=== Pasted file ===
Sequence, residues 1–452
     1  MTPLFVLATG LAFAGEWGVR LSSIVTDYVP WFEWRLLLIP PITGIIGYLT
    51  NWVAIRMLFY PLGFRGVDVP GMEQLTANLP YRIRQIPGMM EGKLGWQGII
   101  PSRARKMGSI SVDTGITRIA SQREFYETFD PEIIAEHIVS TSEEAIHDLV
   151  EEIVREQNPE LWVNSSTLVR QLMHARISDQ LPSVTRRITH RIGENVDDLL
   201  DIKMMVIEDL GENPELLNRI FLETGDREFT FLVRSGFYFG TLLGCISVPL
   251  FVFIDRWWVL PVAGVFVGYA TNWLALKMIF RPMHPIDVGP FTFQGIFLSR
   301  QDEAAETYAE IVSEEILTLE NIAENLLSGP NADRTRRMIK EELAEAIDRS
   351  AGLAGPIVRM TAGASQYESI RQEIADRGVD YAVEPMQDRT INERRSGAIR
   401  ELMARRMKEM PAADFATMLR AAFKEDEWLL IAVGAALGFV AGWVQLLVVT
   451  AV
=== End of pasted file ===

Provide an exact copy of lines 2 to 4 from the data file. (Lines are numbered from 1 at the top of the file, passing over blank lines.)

     1  MTPLFVLATG LAFAGEWGVR LSSIVTDYVP WFEWRLLLIP PITGIIGYLT
    51  NWVAIRMLFY PLGFRGVDVP GMEQLTANLP YRIRQIPGMM EGKLGWQGII
   101  PSRARKMGSI SVDTGITRIA SQREFYETFD PEIIAEHIVS TSEEAIHDLV